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DOUGLAS C. MYERS v. RONALD B. KATZ, et al.

Real property — Foreclosure sale — Res judicata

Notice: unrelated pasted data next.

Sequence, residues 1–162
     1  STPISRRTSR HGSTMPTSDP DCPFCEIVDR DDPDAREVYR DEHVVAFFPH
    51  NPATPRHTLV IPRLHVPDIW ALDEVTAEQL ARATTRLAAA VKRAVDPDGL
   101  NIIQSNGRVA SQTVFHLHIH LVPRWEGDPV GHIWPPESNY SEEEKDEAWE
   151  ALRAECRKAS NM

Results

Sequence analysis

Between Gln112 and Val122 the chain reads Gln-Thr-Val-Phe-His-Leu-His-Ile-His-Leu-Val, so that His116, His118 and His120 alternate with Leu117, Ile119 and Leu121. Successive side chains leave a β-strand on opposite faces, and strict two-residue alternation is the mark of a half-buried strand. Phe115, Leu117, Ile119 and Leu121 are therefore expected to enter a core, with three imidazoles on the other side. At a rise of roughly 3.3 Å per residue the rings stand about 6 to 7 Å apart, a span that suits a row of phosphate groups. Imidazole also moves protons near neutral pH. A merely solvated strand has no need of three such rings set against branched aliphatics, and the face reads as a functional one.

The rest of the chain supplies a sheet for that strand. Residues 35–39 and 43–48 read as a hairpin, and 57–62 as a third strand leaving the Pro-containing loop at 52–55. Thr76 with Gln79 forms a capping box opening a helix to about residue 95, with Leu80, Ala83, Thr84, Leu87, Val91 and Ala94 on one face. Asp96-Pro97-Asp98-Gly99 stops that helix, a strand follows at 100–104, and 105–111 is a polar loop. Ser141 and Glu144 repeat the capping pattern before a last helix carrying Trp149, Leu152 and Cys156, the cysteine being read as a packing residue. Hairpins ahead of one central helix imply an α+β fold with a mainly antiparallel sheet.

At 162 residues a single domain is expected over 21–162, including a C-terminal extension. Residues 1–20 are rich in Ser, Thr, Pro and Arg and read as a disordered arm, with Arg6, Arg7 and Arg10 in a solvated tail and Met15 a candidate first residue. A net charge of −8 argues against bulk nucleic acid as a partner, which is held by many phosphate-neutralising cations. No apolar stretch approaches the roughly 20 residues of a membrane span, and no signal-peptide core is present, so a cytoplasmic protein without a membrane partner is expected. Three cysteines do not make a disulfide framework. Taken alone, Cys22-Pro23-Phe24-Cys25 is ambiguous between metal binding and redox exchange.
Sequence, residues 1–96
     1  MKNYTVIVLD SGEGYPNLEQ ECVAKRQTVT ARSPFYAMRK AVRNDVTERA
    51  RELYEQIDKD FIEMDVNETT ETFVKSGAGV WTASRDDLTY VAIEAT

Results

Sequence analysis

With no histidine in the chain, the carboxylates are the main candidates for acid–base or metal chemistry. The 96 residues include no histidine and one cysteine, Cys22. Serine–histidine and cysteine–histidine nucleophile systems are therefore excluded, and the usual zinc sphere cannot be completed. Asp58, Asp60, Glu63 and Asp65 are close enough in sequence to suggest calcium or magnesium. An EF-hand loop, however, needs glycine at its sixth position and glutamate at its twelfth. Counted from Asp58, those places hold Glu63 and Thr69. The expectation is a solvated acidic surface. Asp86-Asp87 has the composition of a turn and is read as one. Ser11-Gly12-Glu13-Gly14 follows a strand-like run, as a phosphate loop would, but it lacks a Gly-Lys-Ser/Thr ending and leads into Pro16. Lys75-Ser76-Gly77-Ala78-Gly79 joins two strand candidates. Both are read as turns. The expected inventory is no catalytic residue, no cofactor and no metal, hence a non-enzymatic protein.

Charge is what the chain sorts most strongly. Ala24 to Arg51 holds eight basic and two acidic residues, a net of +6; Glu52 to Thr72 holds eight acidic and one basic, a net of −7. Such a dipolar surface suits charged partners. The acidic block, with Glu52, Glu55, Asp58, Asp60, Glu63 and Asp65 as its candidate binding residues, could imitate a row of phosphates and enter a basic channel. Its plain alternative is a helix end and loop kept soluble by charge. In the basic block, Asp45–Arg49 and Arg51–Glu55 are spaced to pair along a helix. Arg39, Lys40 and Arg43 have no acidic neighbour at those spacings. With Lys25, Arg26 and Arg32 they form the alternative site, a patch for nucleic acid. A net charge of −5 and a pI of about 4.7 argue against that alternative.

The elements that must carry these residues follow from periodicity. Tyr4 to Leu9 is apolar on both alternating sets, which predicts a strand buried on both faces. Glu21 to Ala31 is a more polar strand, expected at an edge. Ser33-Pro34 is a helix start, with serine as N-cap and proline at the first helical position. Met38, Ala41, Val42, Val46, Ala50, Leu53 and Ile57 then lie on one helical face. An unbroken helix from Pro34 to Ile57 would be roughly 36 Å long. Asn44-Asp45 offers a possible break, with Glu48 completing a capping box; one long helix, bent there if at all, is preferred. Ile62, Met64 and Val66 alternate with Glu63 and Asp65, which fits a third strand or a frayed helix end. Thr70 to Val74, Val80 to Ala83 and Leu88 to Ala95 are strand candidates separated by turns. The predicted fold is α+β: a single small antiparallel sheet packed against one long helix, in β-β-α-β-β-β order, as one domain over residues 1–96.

In 2011, Ronald B. Katz, appellee, acting as substitute trustee, sold two properties owned by Douglas C. Myers, appellant, at a foreclosure sale. The circuit court ratified the sale on June 28, 2011, and Mr. Myers appealed. While the appeal was pending, Mr. Myers also filed a motion to vacate the foreclosure sale pursuant to Maryland Rule 2-535(b), which the circuit court denied. He then appealed the denial of his motion to vacate. We consolidated both appeals and affirmed. See Myers v. Katz, No. 1058, Sept. Term 2011 (filed June 4, 2013). After the mandate issued, Mr. Myers filed a second motion to vacate pursuant to Rule 2-535(b), which the circuit court again denied. He filed a notice of appeal from the denial of that motion and we again affirmed, holding that his claims were barred by the law of the case doctrine because they were either raised on or could have been raised in his appeal from the denial of his first motion to vacate. See Myers v. Katz, No. 1091, Sept. Term 2014 (filed Oct. 19, 2015). In 2017, Mr. Myers filed a “Complaint for Declaratory Judgment and Injunctive Relief” in the Circuit Court for Baltimore County against Mr. Katz; CFG Community Bank, his mortgage lender; and Frederick Burgesen, the purchaser of the properties at the foreclosure sale. As relief, he sought $450,000 in compensatory damages and a declaration that “the foreclosure sale of [his] property [was] void ab initio, [ ] the subsequent judgment of ratification, and the Deed to the third-party purchaser [was] a nullity, and that [he] still own[ed] the property.” The circuit court granted summary judgment and dismissed his complaint as being barred by res judicata. Mr. Myers now raises three issues on appeal, which reduce to one: whether the circuit court erred in dismissing his complaint. Because all the claims raised in his complaint are barred by res judicata, we shall …

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